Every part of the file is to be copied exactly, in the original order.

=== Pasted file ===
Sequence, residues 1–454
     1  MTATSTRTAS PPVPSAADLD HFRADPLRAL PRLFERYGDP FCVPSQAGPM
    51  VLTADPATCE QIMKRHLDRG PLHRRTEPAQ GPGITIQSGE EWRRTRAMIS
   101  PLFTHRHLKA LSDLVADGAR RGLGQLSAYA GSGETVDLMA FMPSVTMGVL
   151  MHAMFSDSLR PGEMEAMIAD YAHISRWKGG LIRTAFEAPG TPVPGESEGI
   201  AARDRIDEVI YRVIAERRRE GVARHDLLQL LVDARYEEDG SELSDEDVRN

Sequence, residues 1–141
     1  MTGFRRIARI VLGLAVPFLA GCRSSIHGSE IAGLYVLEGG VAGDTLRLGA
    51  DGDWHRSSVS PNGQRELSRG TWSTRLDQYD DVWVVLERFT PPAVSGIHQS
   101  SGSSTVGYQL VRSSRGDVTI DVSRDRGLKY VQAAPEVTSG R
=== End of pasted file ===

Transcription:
Sequence, residues 1–454
     1  MTATSTRTAS PPVPSAADLD HFRADPLRAL PRLFERYGDP FCVPSQAGPM
    51  VLTADPATCE QIMKRHLDRG PLHRRTEPAQ GPGITIQSGE EWRRTRAMIS
   101  PLFTHRHLKA LSDLVADGAR RGLGQLSAYA GSGETVDLMA FMPSVTMGVL
   151  MHAMFSDSLR PGEMEAMIAD YAHISRWKGG LIRTAFEAPG TPVPGESEGI
   201  AARDRIDEVI YRVIAERRRE GVARHDLLQL LVDARYEEDG SELSDEDVRN

Sequence, residues 1–141
     1  MTGFRRIARI VLGLAVPFLA GCRSSIHGSE IAGLYVLEGG VAGDTLRLGA
    51  DGDWHRSSVS PNGQRELSRG TWSTRLDQYD DVWVVLERFT PPAVSGIHQS
   101  SGSSTVGYQL VRSSRGDVTI DVSRDRGLKY VQAAPEVTSG R